Brothers Chad and Chase Valencia opened Lasa in Los Angeles to solve a fairly simple problem.
“There were no Filipino restaurants for us to work at, so we created one,” says Chad, who is the chef at the pop-up-turned-restaurant. The brothers, L.A.-bred Filipino-Americans, are simultaneously showcasing their heritage and embracing the bountiful produce of California.
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When I pop by Lasa, Chad is trimming “some really pretty broccolini from Finley Farms.” The chef, who learned how to cook seasonally when he was at Canelé and then went on to work at Sqirl, chars the broccolini in a wok and seasons it by adding Lasa’s own XO sauce that’s made with a salted shrimp paste, bagoong.
“In a lot of Filipino food, vegetables are almost never cooked to any Western standard of ‘al dente,’” Chad says. “We try really hard to keep the integrity of the vegetables via presentation and cooking technique. It’s rare that any of our vegetables are mushy.”
Kalderata, a Filipino stew that Lasa makes with pork cheeks, traditionally requires stewing vegetables in the same pot until they melt into a thick and mushy sauce. At Lasa, they cook the peas, pea tendrils, carrots and potatoes separately.
“We love our vegetables very much, and we love to eat them properly,” Chad says.
What Lasa serves, as you might have guessed by now, is seasonal Filipino-American food.
“It’s hard to be a professional chef in Los Angeles and not go to the fucking farmers market,” says Chad, who will regularly change his menu based on whichever produce is at its peak.
Lasa serves twice-cooked octopus with sinigang, a sour soup that’s traditionally flavored with tamarind or unripe fruits like guava and mango—instead, they use rhubarb from the market.
On weeks that rhubarb is harder to find, Chad might take the dish off the menu.
“We come from market-driven, chef-driven California restaurants,” says Chase, who previously worked at Wolfgang Puck Catering, Sqirl and Forage. “Lasa is really a culmination of that and our upbringing as second-generation Filipino-Americans.”
Even when they were kids feasting at home on their mom’s cooking or at family parties in Southern California, the brothers were thoughtful about food.
“Our conversations after we were done eating were always about food,” says Chase, who is the general manager of the restaurant. “It was part of our identity.”
Now that they have their own 42-seat restaurant, they can channel the taste memories of their youth and filter those flavors through a thoroughly modern and Californian lens. But the Valencias, who first opened Lasa as a pop-up and started serving dinner as an actual restaurant on April 12, want to make it clear where they come from.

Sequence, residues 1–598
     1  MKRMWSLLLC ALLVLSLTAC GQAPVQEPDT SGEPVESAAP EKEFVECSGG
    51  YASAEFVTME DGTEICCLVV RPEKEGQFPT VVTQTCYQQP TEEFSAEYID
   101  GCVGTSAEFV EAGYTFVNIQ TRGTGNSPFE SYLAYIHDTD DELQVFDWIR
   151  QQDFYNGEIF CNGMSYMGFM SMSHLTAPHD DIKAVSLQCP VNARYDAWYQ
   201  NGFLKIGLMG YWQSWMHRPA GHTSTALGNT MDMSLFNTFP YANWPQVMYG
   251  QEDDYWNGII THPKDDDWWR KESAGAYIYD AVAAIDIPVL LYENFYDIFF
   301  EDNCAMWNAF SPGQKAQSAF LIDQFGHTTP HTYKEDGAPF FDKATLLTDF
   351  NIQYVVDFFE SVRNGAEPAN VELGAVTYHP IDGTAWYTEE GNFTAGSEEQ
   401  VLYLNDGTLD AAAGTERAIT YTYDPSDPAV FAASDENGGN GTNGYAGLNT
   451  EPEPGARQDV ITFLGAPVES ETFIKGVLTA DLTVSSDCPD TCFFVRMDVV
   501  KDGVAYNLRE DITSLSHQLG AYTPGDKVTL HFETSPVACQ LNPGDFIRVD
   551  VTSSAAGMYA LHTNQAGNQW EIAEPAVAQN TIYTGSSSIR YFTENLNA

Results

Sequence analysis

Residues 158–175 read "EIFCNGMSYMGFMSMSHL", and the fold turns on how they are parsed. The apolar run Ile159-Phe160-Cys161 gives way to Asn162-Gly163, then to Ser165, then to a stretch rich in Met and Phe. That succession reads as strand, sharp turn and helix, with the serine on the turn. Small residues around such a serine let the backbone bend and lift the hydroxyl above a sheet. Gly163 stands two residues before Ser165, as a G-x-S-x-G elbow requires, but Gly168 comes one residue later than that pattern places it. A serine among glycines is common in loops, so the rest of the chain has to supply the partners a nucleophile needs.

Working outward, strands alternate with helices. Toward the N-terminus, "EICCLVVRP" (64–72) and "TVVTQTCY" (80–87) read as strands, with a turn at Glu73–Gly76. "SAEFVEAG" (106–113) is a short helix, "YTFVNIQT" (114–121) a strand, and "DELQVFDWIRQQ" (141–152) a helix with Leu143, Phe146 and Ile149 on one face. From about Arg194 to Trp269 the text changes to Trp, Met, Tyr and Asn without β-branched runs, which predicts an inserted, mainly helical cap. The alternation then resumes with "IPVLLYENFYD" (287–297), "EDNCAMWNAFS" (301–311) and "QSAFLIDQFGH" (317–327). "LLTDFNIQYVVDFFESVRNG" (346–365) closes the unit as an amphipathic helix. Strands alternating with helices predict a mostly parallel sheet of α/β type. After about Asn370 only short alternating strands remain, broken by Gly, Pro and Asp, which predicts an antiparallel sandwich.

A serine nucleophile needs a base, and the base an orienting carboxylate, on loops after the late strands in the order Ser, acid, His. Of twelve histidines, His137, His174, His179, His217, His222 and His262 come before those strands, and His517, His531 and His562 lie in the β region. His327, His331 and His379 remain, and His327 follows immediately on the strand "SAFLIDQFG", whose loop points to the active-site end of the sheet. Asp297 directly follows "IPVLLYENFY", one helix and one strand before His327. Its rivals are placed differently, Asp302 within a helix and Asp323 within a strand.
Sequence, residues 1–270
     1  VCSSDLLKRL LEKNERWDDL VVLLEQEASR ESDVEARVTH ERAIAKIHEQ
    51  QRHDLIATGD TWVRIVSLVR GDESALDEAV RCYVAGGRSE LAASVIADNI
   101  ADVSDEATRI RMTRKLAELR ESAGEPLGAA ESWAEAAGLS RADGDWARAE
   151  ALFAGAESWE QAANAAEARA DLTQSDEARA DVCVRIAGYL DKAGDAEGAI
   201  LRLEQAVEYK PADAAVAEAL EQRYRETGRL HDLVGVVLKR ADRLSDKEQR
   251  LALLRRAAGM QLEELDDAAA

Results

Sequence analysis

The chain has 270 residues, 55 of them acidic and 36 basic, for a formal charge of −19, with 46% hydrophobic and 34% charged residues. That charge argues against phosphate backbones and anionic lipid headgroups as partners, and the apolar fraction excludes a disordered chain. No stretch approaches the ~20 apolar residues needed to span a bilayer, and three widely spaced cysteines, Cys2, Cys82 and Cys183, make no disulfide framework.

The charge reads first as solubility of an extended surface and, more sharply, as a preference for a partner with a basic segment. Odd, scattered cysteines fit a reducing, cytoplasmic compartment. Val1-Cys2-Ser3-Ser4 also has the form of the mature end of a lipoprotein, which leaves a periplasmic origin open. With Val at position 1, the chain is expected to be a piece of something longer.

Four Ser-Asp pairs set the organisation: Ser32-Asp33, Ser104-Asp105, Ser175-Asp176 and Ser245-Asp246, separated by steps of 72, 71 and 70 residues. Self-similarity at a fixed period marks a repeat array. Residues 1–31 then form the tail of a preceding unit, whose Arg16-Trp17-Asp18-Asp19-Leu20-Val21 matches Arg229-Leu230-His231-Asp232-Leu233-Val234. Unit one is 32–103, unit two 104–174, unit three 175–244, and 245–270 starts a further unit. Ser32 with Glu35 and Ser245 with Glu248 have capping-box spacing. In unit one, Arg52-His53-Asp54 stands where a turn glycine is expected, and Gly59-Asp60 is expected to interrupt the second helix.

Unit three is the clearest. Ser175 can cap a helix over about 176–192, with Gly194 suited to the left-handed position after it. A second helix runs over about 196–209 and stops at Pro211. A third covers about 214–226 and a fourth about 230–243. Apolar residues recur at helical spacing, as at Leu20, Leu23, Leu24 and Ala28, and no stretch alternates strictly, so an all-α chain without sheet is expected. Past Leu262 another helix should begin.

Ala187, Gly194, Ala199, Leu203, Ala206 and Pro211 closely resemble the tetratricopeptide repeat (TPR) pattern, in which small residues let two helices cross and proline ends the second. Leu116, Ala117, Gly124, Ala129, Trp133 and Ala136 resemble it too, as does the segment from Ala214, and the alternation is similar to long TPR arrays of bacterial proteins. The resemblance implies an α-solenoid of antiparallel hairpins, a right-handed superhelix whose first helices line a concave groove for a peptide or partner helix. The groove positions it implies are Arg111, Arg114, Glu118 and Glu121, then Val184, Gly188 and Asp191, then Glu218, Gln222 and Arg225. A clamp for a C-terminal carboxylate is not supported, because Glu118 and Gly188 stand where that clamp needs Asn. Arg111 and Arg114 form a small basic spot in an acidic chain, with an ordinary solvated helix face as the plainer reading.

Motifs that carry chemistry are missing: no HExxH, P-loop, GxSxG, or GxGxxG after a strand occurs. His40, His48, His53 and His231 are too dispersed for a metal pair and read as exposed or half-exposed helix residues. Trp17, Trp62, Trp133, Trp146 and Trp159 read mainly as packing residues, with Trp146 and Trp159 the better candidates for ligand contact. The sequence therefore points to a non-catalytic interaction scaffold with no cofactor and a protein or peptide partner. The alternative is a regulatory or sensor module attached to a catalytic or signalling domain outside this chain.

When you walk into Lasa, located in Chinatown’s Far East Plaza, you’ll see family photos: parents, grandparents, weddings, homes in the Philippines. There’s an image of first-grader Chad and second-grader Chase on a trip to the Philippines, wearing overalls in front of their grandparents’ store.
“One difference at Lasa is that we’re brothers, and we’re pushing our food and our culture,” Chase says, as he shows me the images. “It’s ingrained into our concept. This is actually our family tree. The idea of this place is it’s an extension of our home.”
Lasa, which means “taste” in Tagalog, features light-green walls inspired by a museum in their family’s province of Pampanga. On one of the walls hangs a large image of an indigenous woman from the Mandaya tribe in Mindanao. Chase found the picture in a book about tapestry and textiles and couldn’t get it out of his head.
“She’s really important; she’s part of the history of Lasa,” Chase says. “We used her image for our menus and business cards. And we always said once we opened a restaurant, we had to have her there. The image of her with her hands, the beadwork—there’s just something about it.”
The photo shows only part of the woman’s face, adding a layer of mystery.
“Look at her hands, the work she’s put in,” Chase says. “I think we kind of dig deep into our roots at Lasa, our food and our culture. And, in some capacity, we relate to this piece. It’s back to the roots of working with your hands.”
Lasa celebrates the building blocks of Filipino food: pork, seafood and acid. Those three components create umami-bomb dishes that balance saltiness, sweetness, spiciness, sourness and funkiness. Lasa’s house-made XO sauce features garlic, shallots, ginger and salted pork (unsmoked bacon or pancetta, as well as Chinese sausage), along with the salted shrimp paste for something that’s “very complex, umami-rich, aromatic, slightly funky, slightly sweet, too,” Chad says.